Developer Profiles, Hardware, Interviews, Memories, Retrospectives

Japansoft an Oral History — a MegaBites review

Japansoft Header

They didn’t see the need for a single developer to take the spotlight for a product,” revealed a Sega employee with the pseudonym ‘Ossale Kohta’. “They felt that the company should get the credit. If too much attention was given to the creator of a hit title, there was always the possibility that another company would poach them. Of course, I wanted to be recognised for my work”.

In the early years of the Japanese video game industry, Ossale Kohta’s story wasn’t uncommon. Even the most prolific of programmers, planners, artists and directors hid their identities behind alter-egos enforced by their employers. From Sega, to Capcom, Enix and Konami, the credit screens of arcade and console titles of that era were populated with mysterious nicknames such as ‘Phoenix Rie’, ‘Chanchacorin’ and ‘T. Oka’, to name but a few. But who were the talents behind them?

‘Ossale Kohta’ was none other than Kotaro Hayashida, the creator of Alex Kidd and the mind behind the very first concepts and gameplay mechanics of Sonic the Hedgehog. His is just one of the many incredible names whose stories and history are compiled for the very first time in Japansoft an Oral History.

The origin of the Japansoft title itself can be traced back to 2014 and the release of a series of books entitled The Untold History of Japanese Game Developers by video game journalist and writer, John Szczepaniak. Released in three volumes, Szczepaniak’s trilogy was a treasure trove of tales from the relative unknowns of Japan’s early gaming industry, filled with stories of unreleased consoles, games, and tales of the rise and fall of the country’s most prolific development houses. Funded by Kickstarter campaigns, The Untold History of Japanese Game Developers spanned three volumes. Certainly a passion project for Szczepaniak himself, for all its merits, the series was somewhat text-heavy, and lacked the polish, lustre and aesthetic it so rightly deserved. But as they say, you should never judge a book by its cover.

Continue reading “Japansoft an Oral History — a MegaBites review”

News, Retrospectives

A mega celebration for the mini console — MegaBites at the European Sega Mega Drive Mini launch

71944650_2571667899552351_8711843811313057792_n

On 2nd October, ahead of the Mega Drive mini’s European release, London’s Queen of Hoxton venue hosted the console’s official European launch party. Attended and organised by Sega Europe and GamerDisco, the night was filled with the sights and sounds of Sega. The event provided an exclusive chance to experience Sega’s European iteration of its new mini console, coupled with retro-inspired beats and speedrun tournaments.

So, how was it to finally get our hands on the European version of the Mega Drive Mini and who would emerge as the victor of the speedrun competition? MegaBites went along to find out.

For the past few months, any European fan of Sega, Sonic and/or retrogaming will undoubtedly have had a particular date circled on their calendar, Friday 4th October 2019 — the EU release date of the Sega Mega Drive Mini. In true 90s spirit, the European release of the Mega Drive Mini comes weeks after the US, Japan and rest of the world (that’s how it always used to be, kids). Now, at last, the console has arrived on our shores. But not before it enjoyed a retro-inspired launch event…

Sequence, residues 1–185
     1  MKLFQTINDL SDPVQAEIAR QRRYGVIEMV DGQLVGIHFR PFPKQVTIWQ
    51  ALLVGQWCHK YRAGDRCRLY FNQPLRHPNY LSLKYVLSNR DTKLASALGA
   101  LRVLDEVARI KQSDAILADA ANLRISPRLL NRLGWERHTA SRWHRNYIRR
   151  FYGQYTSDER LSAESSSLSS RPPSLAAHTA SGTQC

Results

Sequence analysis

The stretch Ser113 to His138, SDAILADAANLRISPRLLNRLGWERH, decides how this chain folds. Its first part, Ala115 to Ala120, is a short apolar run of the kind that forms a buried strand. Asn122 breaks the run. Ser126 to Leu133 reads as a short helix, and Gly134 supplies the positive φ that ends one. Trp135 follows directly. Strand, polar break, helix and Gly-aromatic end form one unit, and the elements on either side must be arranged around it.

Not one to miss out on such an occasion, I jumped on the train and made the journey to the Queen of Hoxton — the centre of the Sega universe for that evening.

71763111_2571667589552382_6369212629092663296_n

Continue reading “A mega celebration for the mini console — MegaBites at the European Sega Mega Drive Mini launch”

Retrospectives

Cart Wars: The Evolution of the Cartridge, Episode 2 – MegaBites on RetroCollect.com

Cart-Wars-Episode-2

Avert thine eyes! Nintendo alert! Once more, this site is graced with imagery of Sega’s mortal enemy, and for that I apologise. However, it’s all for a good cause – MegaBitesBlog.com’s latest article on RetroCollect.com – ‘Cart Wars: The Evolution of the Cartridge, Episode 2’.

During the early-to-mid 1990s, the bitter rivalries between the console superpowers were hard to ignore. It was Sega vs Nintendo, plumbers vs hedgehogs and Mega Drive vs Super Nintendo. Amongst these battles, one gaming format had risen to the top to rule supreme over the video game industry – the cartridge. ‘Cart Wars: The Evolution of the Cartridge’ is the story of that medium, and with it, the incredible lengths taken by developers of that age to topple the competition and reshape the gaming market forever. Continue reading “Cart Wars: The Evolution of the Cartridge, Episode 2 – MegaBites on RetroCollect.com”

Developer Profiles, Memories, Retrospectives

Cart Wars: The Evolution of the Cartridge – MegaBites on RetroCollect.com

2147-cart-wars-episode-1

Mega Drive fans, for what you are about to read, I sincerely apologise. MegaBites Blog has written about Nintendo. Shock, horror, blasphemy! I know, I know… But it’s for a good cause; my latest contribution to RetroCollect.com – Cart Wars: The Evolution of the Cartridge – Episode One. Despite such treachery, you’ll be glad to hear that the piece is evenly balanced with a heavy dosage of Sega goodness, and a brief appearance by our Lord and saviour, Mr Tom Kalinske. Phew!

During the console generations spanning the 8-16 bit era, no matter if your allegiances sat with Sega, Nintendo, SNK or NEC, as gamers we all shared one thing in common: the cartridge medium – video gaming in its most physical form. Continue reading “Cart Wars: The Evolution of the Cartridge – MegaBites on RetroCollect.com”

Memories, Retrospectives

Sega and the Console from Mars

32xsolo_boxart

Misaligned, mistimed and ultimately misunderstood, sadly, the Mega Drive 32X will forever go down in history as one of the greatest failures in video game history. Although the tale of the 32X’s release and its rapid downfall remains a well documented piece of gaming folklore, much less is known about the hardware’s earliest conceptions. Read on as MegaBites takes a tantalising glimpse behind the closed doors of Sega of America’s development labs, to reveal a previously forgotten piece of hardware from a time before the 32X as we knew it – the Sega Mars Development Aid System.